By Keegan Hamilton
By Albert Samaha
By Village Voice staff
By Tessa Stuart
By Albert Samaha
By Steve Weinstein
By Devon Maloney
By Tessa Stuart
On a recent Friday with the temperature hovering just below freezing, Sam Sloves rolled down East 109th Street in Manhattan, also known as Stickball Hall of Fame Alley, on a beat-up red bike that appeared a touch too small for his six-foot-four frame. Wearing hospital scrubs and a windbreaker emblazoned with the insignia of an Upper West Side alternative high school over his suit, his briefcase in a wire basket on his bike's handlebars, Sloves pulled up in front of the Tito Puente Education Complex, a low-slung building that houses four schools, including the long-troubled middle school he'd come to visit.
In the hall, Sloves found principal Ralph Martinez laughing with a staff member. Martinez arrived at Tito Puente a year ago, just weeks after the city's Department of Education announced the school would graduate its last class of eighth-graders in 2010. His task, he says: "To close the school out with dignity," a job requiring the palliative attention of Sloves, whose friends joke that he's the Grim Reaper of public schools. For his part, Sloves is quick to distance himself from any doom-and-gloom monikers. As the DOE's director of school transformation, he works to provide support for schools in the process of closing; the transformation, he says, comes with the opening of new, more successful schools in the same buildings.
Sloves's job responsibilities include communicating the DOE's rationale for closing schools to disappointed, and often angry, teachers and students; working with principals to make sure all students graduate by the time the school closes; and helping administrators navigate the bureaucratic intricacies of closing out bank accounts and vendor contracts. "When I'm at my best, I'm advocating for those schools" and their students, he says, so that they get all the support they need within the DOE.
New York City has closed low-performing schools for years, but the pace has quickened under the current schools chancellor, Joel Klein. Since Klein took office in 2001, he has closed or started phasing out more than 90 schools that were plagued by low test scores and, in many cases, histories of violence. The biggest push has been at the high-school level, where the DOE has broken down many of the large high schools that for years had graduated only a small proportion of their students.
Flush with funds from the Gates Foundation, Klein opened hundreds of new small high schools, often with specialized themes ranging from the arts to aerospace engineering. The new schools have posted higher graduation rates than the large schools they replaced, although a 2007 report commissioned by New Visions for Public Schools, the nonprofit organization that incubated virtually all of the early schools, found that fewer of their students finished with the more rigorous type of state diploma. (Advocates say the new schools have also benefited from a policy that allowed them to enroll few students with special needs in their early years.)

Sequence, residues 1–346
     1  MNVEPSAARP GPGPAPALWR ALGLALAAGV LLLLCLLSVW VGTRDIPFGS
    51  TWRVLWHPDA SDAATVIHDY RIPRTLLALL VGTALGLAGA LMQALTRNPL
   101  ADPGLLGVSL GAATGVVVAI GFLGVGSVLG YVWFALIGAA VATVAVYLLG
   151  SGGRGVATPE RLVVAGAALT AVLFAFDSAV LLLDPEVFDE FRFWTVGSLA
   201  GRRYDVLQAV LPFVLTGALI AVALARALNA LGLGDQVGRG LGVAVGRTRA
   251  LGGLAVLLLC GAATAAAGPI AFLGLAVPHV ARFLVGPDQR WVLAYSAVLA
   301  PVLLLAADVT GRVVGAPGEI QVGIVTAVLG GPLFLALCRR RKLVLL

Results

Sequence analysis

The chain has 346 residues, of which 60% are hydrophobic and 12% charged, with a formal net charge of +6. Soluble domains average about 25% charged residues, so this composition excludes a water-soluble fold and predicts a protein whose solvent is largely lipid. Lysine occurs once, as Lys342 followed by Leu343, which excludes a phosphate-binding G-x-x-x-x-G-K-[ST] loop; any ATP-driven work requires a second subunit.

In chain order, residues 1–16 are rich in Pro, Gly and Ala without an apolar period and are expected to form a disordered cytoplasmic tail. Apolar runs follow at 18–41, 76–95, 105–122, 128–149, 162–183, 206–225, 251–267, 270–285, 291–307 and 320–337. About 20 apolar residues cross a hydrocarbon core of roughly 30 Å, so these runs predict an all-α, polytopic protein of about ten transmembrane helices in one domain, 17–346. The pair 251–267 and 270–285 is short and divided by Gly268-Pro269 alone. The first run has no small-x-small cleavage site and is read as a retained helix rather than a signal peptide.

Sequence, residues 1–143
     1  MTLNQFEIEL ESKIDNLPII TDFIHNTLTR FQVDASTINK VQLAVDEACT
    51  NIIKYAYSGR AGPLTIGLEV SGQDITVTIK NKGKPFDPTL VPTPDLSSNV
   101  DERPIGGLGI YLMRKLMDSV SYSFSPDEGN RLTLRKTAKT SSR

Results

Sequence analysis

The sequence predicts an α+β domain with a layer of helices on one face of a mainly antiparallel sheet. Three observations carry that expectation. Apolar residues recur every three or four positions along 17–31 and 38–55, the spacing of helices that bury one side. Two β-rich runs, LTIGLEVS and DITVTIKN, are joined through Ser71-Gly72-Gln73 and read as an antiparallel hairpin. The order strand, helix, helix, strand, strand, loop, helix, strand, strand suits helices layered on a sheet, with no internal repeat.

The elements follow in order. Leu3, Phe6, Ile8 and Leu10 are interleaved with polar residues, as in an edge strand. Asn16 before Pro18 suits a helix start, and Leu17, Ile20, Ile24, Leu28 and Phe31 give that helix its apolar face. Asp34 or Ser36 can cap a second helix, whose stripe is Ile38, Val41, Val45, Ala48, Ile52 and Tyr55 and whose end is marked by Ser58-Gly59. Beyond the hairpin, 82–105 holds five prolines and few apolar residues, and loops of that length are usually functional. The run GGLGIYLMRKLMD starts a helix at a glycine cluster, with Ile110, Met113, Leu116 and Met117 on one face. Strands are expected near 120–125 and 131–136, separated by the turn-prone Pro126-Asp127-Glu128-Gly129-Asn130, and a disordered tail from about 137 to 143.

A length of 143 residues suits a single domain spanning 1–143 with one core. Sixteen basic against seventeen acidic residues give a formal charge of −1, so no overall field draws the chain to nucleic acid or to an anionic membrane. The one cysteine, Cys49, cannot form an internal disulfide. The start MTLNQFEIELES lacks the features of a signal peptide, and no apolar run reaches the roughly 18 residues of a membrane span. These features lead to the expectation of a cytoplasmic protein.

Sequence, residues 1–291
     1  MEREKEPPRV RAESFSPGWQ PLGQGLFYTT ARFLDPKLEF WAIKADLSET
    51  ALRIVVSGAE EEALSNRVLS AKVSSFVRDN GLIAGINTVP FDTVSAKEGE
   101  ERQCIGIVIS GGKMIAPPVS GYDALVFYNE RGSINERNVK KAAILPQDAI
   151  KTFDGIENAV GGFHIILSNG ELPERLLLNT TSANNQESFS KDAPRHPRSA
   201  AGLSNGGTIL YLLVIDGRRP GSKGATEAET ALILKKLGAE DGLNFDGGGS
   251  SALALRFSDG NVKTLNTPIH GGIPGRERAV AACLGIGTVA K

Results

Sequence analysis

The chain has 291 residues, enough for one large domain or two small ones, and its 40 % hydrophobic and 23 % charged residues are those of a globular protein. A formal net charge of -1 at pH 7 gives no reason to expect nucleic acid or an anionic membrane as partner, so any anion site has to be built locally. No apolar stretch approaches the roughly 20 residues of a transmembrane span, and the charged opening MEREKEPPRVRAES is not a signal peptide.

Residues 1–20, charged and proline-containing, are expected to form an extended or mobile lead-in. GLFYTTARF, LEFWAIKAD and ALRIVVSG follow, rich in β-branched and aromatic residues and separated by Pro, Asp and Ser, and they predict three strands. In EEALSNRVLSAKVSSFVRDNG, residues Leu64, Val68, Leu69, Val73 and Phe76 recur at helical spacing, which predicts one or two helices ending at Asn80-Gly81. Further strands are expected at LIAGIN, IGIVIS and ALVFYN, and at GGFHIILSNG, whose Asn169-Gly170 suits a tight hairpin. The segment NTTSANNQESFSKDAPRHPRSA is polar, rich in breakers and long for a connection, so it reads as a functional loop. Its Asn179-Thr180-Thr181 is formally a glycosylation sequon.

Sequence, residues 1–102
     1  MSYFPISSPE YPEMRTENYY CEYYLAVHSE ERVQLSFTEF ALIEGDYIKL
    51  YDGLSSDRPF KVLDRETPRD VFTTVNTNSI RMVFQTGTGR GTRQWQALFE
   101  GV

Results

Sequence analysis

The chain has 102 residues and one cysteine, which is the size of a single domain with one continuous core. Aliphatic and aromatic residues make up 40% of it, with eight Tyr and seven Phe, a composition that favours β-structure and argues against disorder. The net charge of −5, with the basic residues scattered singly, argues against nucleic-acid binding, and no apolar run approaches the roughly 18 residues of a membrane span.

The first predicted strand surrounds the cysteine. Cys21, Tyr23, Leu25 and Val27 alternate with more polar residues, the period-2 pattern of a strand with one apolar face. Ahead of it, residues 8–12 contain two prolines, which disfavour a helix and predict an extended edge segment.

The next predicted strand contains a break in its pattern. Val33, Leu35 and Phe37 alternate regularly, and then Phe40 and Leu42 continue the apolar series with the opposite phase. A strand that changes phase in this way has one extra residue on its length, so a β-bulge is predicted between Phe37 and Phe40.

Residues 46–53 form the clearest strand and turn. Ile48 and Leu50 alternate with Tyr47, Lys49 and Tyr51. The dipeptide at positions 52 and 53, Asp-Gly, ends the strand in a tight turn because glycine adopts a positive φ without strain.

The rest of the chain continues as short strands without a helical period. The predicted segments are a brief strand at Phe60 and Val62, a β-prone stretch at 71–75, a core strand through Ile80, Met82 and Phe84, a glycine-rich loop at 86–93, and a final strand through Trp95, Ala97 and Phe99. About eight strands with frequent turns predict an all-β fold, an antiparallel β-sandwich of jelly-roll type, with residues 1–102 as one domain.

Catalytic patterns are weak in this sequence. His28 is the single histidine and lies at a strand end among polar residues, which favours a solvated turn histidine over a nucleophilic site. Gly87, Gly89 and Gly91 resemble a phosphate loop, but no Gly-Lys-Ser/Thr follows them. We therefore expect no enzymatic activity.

Schools in the process of closing, meanwhile, have stayed largely under the radar. They don't receive progress reports, the controversial evaluations where schools receive a single letter grade to summarize their performance. Nor are they subject to the DOE's "Quality Review" process that evaluates how well schools function internally. And although recent reports have suggested that some are flush with extra funds as their enrollments dwindle, in fact, schools in the process of closing must reduce their staff sizes and program offerings each year.
Still, the hard work of teaching and learning continues until the last day that schools are open—in the case of high schools, as long as three and a half years after the shock of learning they've been slated for closure.
Standing outside of Bayard Rustin High School on West 18th Street recently, the morning after learning the school would be phased out because of its poor performance, a group of students discussed how their school might change as its 2012 closure date approaches.
Two sophomores in the school's Gateway honors program speculated that there would probably be even fewer opportunities for motivated students like them. The school already eliminated its Advanced Placement classes this year, said Maurice Dunn. His classmate Katherine Suazzo, who wants to be a dentist, worried that the school will cut physics as it did this year to chemistry.
But Amy Leung, also a sophomore in the Gateway program, said she sees at least one bright spot in the school's future. "There's going to be less people, and the teachers could put more focus on the students," she hypothesized.
That's what the DOE hopes will happen as it pursues a beefed-up agenda of school shuttering. Department officials say that as schools get smaller, they can morph into tightly knit learning communities where no child can fall through the cracks. Large schools start to resemble the small ones that are replacing them.
Last year, Sloves's predecessor, Geri Taylor-Brown, convened monthly meetings in each borough for principals of schools in the process of closing to learn about strategies to get students to graduation on time. But staff from Tweed only visited individual schools if their attention was requested or, as Sloves puts it, "if the stuff hit the fan."